“This legal opinion is contrary to the long-standing interpretation by every administration (Republican and Democrat) since at least the 1970s,” the group wrote in the letter, which was also sent to members of Congress.
Paul Schmidt, assistant director of migratory birds at U.S. Fish and Wildlife Service from 2003 to 2011, said former political appointees for both Republican and Democratic presidents readily signed the letter.
“It’s phenomenal to see this list,” said Schmidt, who started gathering signatures shortly after Interior’s principal deputy solicitor, Daniel Jorjani, issued the legal interpretation three days before Christmas. “There wasn’t any hesitation on anyone’s part. We finalized that letter in short order.”
Signed in 1918, the Migratory Bird Treaty Act (MBTA) is one of the nation’s oldest environmental laws. Passed so the nation complied with treaties it had with Great Britain — countries with which the United States shares migratory birds — the broadly worded law made it illegal to “pursue, hunt, take, [or] capture” any migratory bird “by any means whatever [and] at any time or in any manner.”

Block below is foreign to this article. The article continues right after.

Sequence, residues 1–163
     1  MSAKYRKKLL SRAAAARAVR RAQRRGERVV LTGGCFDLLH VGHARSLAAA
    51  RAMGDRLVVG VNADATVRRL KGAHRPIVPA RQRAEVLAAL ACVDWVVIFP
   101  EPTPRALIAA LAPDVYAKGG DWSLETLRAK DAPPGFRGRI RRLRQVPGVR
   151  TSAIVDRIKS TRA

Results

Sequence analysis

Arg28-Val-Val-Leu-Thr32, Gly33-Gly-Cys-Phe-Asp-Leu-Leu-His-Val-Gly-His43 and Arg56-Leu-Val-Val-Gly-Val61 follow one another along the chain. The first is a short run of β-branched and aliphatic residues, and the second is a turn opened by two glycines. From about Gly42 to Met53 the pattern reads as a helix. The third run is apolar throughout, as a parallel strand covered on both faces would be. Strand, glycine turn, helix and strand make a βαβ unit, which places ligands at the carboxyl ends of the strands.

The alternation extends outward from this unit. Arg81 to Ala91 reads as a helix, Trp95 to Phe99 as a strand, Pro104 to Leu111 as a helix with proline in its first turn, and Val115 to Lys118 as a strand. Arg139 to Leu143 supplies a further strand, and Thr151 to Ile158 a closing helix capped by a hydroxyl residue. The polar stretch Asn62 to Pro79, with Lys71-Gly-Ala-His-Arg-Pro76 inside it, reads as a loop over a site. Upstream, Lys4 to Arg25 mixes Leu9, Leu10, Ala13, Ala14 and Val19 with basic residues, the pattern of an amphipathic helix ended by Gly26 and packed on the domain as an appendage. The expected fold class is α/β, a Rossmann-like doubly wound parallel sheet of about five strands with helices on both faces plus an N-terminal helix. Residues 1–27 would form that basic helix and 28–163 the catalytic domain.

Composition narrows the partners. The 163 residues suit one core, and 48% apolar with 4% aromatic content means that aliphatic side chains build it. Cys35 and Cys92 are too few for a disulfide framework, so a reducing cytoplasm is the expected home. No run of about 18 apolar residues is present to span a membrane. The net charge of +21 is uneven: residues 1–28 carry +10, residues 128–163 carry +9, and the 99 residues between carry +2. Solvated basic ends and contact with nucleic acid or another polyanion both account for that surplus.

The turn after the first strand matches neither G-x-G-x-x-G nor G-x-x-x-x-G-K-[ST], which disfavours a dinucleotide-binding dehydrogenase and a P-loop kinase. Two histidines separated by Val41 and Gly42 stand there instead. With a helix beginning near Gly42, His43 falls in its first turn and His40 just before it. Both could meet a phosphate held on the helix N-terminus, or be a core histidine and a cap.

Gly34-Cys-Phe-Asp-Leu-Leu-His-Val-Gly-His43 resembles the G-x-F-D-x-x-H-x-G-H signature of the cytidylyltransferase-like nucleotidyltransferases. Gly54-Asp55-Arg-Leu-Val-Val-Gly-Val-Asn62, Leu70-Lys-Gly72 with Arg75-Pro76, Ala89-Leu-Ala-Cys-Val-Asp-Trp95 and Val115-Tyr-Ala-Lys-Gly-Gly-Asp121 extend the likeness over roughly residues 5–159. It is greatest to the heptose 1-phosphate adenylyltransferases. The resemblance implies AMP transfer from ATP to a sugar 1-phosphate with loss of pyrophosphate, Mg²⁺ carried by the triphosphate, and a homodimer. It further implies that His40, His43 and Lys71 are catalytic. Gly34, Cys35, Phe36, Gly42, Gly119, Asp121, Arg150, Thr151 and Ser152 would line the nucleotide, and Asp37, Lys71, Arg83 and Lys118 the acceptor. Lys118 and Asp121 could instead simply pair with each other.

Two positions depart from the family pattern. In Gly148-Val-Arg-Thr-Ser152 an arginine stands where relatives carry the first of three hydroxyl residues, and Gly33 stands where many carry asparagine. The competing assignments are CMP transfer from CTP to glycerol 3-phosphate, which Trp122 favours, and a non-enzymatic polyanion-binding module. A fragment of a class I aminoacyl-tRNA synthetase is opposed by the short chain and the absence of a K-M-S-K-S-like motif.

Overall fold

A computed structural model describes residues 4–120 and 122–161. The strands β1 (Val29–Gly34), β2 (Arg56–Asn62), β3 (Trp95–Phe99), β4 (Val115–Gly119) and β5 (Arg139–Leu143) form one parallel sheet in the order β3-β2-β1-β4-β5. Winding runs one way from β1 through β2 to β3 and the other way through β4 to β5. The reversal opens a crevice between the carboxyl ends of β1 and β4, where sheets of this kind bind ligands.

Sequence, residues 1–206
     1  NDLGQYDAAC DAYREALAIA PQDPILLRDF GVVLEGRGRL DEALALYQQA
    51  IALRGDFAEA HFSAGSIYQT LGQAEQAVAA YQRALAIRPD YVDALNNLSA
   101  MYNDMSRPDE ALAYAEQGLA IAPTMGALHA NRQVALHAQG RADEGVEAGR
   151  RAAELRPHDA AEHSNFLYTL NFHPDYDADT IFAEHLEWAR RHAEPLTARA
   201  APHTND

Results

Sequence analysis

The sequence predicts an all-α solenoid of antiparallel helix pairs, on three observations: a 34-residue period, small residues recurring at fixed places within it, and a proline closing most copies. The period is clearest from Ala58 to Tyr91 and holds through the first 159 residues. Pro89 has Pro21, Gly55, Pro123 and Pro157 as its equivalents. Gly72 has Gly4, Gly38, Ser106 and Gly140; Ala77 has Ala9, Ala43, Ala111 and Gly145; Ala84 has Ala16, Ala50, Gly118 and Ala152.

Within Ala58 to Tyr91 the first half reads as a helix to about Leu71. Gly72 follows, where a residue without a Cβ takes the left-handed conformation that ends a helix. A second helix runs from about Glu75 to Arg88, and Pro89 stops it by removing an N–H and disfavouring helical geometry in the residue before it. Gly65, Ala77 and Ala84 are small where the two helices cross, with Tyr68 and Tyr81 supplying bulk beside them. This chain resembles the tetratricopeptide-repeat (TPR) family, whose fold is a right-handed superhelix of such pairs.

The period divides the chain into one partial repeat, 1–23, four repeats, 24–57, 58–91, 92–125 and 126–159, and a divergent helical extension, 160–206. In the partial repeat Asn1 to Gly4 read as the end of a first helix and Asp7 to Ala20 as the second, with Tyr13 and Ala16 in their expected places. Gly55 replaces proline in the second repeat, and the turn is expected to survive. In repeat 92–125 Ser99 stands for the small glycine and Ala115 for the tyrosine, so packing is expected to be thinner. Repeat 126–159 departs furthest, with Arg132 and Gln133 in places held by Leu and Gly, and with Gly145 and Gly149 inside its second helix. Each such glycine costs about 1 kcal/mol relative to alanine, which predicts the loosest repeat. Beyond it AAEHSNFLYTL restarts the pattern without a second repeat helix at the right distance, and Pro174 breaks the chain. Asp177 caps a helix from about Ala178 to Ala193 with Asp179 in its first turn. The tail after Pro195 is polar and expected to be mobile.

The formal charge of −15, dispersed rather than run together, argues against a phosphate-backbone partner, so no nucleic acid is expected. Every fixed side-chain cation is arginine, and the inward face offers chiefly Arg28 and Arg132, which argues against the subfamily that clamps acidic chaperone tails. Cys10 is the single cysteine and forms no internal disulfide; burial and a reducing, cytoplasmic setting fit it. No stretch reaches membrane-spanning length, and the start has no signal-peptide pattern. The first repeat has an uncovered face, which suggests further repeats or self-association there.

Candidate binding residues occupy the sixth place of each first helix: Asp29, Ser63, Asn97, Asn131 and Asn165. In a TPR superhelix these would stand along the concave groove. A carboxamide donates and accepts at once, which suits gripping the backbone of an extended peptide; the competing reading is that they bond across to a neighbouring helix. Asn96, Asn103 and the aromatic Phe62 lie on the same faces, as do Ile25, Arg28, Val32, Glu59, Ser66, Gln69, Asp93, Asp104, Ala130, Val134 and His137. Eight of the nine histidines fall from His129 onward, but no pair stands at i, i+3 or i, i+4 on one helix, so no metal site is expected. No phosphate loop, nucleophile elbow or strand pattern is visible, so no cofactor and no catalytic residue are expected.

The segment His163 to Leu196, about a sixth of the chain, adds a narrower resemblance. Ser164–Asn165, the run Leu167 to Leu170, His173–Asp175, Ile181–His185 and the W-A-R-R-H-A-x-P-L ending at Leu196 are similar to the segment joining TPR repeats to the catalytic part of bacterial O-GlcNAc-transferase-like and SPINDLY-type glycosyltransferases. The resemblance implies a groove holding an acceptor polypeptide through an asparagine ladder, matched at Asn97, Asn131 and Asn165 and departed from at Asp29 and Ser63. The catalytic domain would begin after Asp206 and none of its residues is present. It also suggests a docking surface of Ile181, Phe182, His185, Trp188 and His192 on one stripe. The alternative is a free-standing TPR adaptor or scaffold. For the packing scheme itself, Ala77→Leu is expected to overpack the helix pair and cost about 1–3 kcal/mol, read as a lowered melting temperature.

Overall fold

In the new solicitor’s opinion, Interior said applying the law “to incidental or accidental actions hangs the sword of Damocles over a host of otherwise lawful and productive actions, threatening up to six months in jail and a $15,000 fine for each and every bird injured or killed.”
Under the new interpretation, a company would be in violation of the law only when it is “engaged in an activity the object of which was to render an animal subject to human control.”
“This is a new, contrived legal standard that creates a huge loophole” in the existing act, the letter-writers said, “allowing companies to engage in activities that routinely kill migratory birds so long as they were not intending that their operations would ‘render an animal subject to human control.’ ”